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The long-term impact that Covid would have on international travel was one of the great unknowns from the pandemic. Some suggested it could take years to recover with forecasts by VisitBritain indicating it would remain at just over half 2019 levels this year.
Such a slow recovery would have implications for London in particular, given how popular it was as a tourist destination. But are we starting to see international tourists returning to the streets of the capital?
Greater London accounted for more than half of overnight visits and spend from international visitors to Britain in 2019. With £15.7 billion of spending, tourism was equal to roughly 3 per cent of London’s GDP.
Unsurprisingly, both overnight visits and spend declined sharply in 2020 and 2021. Figure 1 shows a £13 billion decrease in spend by international visitors in London from 2019 to 2021, a fall of 83 per cent. This reduction was greater than the £9 billion decrease (or 74 per cent) experienced in the rest of Britain combined. (Survey data collection impacted by Covid-19 restrictions.)
Source: ONS, International Passenger Survey; London First; Centre for Cities calculations
International visitors spent their money primarily in the central boroughs, with one study estimating that 84 per cent of their spending in 2017 occurred in the boroughs of Westminster, Camden, and Kensington and Chelsea alone. Using this share would suggest that spending by international visitors in these boroughs decreased by nearly £11 billion from 2019 to 2021.
Overnight visits to London declined from 21.7 million in 2019 to just 2.6 million visits in 2021. Figure 2 shows that from January to May of 2021, international visitor numbers to the UK were only 2 to 3 per cent of their 2019 monthly baseline.
However, international visits are now on the rise. Visits to the UK have been increasing steadily since July of 2021 (excluding a brief dip in December and January), and as of April 2022, they are at 67 per cent of their April 2019 baseline (see figure 2). The picture for London is even more positive, with international passenger numbers for the city’s airports (excluding Luton airport, for which data isn’t yet available) in May 2022 reaching 77 per cent of their 2019 baseline, and room occupancy reaching 89 per cent.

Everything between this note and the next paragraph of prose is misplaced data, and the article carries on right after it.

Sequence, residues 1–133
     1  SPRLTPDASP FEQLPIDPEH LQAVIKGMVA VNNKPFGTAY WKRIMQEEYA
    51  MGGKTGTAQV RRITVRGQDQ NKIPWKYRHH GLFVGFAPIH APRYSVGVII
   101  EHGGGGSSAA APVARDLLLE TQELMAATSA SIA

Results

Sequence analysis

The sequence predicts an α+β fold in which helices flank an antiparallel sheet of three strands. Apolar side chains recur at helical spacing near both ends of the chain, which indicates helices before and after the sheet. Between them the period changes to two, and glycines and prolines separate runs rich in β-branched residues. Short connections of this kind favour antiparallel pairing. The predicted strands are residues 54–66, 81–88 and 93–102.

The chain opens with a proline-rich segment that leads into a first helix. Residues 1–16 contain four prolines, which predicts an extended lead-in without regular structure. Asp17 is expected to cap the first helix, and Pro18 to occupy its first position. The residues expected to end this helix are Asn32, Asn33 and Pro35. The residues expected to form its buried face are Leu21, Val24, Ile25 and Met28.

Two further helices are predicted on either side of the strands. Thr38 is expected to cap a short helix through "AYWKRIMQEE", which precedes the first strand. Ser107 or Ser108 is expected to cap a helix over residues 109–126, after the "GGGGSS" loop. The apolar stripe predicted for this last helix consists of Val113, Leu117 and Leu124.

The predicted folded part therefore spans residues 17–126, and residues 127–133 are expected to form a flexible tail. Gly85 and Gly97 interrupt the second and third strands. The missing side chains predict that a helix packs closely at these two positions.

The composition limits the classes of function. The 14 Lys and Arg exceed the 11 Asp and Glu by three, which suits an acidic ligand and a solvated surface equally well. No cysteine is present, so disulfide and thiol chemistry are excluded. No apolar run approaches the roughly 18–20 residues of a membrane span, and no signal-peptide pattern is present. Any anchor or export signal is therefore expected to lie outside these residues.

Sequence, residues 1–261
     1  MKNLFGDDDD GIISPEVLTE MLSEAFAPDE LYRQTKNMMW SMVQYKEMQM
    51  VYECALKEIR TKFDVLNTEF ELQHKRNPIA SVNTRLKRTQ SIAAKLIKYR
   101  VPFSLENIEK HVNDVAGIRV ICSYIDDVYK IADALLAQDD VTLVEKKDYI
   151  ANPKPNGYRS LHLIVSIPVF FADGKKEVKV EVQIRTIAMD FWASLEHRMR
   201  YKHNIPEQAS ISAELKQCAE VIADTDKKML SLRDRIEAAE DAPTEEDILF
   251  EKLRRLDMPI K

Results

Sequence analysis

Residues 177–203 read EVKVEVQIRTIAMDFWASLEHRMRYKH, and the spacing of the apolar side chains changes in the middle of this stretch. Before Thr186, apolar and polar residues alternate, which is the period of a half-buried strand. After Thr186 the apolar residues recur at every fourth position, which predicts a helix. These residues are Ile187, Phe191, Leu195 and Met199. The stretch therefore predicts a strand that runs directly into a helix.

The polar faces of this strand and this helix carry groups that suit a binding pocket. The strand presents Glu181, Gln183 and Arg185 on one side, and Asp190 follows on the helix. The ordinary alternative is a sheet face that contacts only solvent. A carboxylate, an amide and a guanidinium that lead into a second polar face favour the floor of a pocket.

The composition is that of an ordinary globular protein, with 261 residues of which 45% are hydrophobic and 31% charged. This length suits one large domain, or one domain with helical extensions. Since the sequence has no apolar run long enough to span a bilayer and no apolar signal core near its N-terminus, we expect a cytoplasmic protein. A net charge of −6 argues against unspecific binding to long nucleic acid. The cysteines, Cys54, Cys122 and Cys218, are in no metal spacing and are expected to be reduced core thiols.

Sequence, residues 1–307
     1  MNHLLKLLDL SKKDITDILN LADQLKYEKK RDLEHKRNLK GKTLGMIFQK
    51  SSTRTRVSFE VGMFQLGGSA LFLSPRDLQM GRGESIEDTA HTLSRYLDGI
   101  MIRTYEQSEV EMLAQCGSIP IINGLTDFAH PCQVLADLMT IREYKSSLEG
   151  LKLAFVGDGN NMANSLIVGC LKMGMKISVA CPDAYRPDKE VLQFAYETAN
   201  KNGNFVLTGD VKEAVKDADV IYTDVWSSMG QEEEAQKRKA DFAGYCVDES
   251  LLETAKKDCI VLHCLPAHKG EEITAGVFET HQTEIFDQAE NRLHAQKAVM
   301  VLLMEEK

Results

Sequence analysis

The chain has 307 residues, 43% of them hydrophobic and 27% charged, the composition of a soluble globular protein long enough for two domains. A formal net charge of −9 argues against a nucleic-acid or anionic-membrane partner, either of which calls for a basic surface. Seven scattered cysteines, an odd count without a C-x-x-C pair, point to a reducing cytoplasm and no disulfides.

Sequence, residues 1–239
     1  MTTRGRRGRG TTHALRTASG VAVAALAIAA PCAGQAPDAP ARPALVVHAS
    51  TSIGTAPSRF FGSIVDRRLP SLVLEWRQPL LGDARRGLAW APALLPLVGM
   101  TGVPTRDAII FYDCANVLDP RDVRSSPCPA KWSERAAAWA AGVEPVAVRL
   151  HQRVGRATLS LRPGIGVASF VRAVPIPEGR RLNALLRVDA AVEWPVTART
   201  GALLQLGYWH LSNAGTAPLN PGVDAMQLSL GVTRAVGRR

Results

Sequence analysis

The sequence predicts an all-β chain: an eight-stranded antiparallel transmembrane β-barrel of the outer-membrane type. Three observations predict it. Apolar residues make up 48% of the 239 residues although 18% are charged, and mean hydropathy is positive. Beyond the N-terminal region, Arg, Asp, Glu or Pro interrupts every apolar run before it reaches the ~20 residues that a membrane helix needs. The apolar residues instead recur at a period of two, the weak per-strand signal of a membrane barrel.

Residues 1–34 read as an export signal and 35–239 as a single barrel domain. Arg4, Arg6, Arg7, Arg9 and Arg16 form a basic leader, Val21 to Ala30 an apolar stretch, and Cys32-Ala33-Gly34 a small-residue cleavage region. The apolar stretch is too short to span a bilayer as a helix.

Source: ONS; UK Civil Aviation Authority; Visit England; Centre for Cities calculations
Assuming the March to April increase to the baseline for visits to the UK remains constant – at roughly 8 percentage points – monthly international visits to the UK should return to their 2019 levels by August 2022. This would be quite a turnaround.
Most importantly for London businesses, Figure 2 shows that estimated spending by visitors to the UK has generally mirrored the numbers of international visitors, and recently exceeded it, reaching 82 per cent of its 2019 baseline in April.
Covid-19 hit central London twice over by turning off the flow of workers and tourists to the city – two key sources of custom for its cafés, bars and restaurants. However, the return to the office seen in recent months and the return of tourists both suggest the Capital might be back to pre-covid before long.
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